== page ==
Indeed, holed up in Worcester’s stunningly scenic Vale studios with producer Dan Weller and engineer/long-term collaborator Mike Curtis, the five piece spent “weeks ripping apart songs and putting them back together,” admits Cameron. “We worked for a long time in pre-production to make sure everything was absolutely perfect,” he continues. “Dani and I worked incredibly closely to develop melodies and blends of vocal line that people wouldn’t necessarily expect, that step away from the tried and tested. There was never, ever a ‘that’ll do’ moment. The whole thing sounds gigantic, and at a technical level I feel like finally we’ve got a production job that does the songs, and our band, justice. This is big league stuff.”
Big league is right. The titular first single sets the band’s stall out from the get go with a chorus of sky-scraping proportions – Cameron’s voice lifting you up out of a hail of guitars before Winter-Bates jackhammers you back to earth with his imperious, feral roar. And if Bury Tomorrow have a reputation as riff-merchants of the highest quality, then Black Flame sees them taking their mastering the craft to a new level entirely, offering up a veritable trucks load of chops that take notable cues from both the Gothenburg sound and the NWOAHM.
Elsewhere, the primal pummel of ‘More Than Mortal’ boasts the sort of outrageously obnoxious breakdown that will have chiropractors everywhere working overtime on the wrecked necks of legions of fans. ‘Stormbringer’, ‘Adrenaline’ and the apocryphally titled ‘No Less Violent’ all deliver the goods with thunderous aplomb. Make no mistake, Bury Tomorrow are definitely not writing songs for the radio – this is the sound of a band executing melodic heaviness at premier league level.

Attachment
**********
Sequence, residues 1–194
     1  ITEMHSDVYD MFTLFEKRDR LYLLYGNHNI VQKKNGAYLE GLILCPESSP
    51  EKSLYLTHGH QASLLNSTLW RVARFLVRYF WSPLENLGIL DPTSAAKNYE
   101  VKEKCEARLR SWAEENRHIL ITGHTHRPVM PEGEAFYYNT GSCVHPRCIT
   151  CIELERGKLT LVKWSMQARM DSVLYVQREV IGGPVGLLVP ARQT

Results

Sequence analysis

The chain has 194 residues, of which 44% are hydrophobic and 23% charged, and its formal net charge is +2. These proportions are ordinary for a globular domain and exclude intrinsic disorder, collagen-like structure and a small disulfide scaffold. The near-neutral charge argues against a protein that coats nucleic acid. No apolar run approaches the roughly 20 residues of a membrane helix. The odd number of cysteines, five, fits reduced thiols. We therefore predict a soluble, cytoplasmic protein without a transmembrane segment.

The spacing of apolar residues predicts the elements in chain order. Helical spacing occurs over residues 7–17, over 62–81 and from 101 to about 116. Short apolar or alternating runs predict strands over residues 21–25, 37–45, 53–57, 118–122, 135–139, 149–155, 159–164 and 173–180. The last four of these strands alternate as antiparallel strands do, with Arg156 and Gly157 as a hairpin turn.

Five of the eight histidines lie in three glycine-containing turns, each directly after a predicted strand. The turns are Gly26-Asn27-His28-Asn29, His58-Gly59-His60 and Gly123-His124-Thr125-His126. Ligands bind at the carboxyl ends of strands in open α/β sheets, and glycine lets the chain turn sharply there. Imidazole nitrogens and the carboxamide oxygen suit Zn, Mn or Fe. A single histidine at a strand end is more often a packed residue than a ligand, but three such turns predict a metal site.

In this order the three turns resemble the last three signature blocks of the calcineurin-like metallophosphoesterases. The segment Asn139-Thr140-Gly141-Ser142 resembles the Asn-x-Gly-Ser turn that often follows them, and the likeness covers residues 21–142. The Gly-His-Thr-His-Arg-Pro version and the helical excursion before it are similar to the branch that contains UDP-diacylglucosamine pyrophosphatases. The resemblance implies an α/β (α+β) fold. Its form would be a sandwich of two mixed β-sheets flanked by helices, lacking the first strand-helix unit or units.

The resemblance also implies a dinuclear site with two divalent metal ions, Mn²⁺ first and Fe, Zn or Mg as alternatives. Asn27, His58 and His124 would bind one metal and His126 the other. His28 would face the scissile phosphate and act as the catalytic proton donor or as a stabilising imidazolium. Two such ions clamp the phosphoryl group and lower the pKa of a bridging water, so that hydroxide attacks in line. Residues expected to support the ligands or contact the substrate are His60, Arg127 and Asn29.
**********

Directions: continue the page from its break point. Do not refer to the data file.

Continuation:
“We’re a heavy band,” laughs Winter-Bates, with the refreshing directness of a lifelong metal devotee. “We’re never going to be a radio rock band and there’s no compromise there. We’re doing it on our own terms: this thing is a freight train and I’ve never been prouder of anything we’ve ever put together as a band. It’s unapologetic, it’s pushing the envelope, and it’s a statement that shows exactly who we are as a band.”
And so, while Bury Tomorrow have never been the flavour of the month, have never been given a free pass, and have most certainly never had a red carpet of any description rolled out for them by the media at large, their integrity is about to reap a vast dividend four albums in the making.
“This album is about legacy,” finishes Cameron with a smile flickering across his face. “It’s the record that when this is all over, when it’s all said and done, people will look back and say that ‘Black Flame’ was the Bury Tomorrow album, that it’s an album that’s dug into the timeline of metal. I know this one is special. This one will stand the test of time. It’s our flag in the ground.“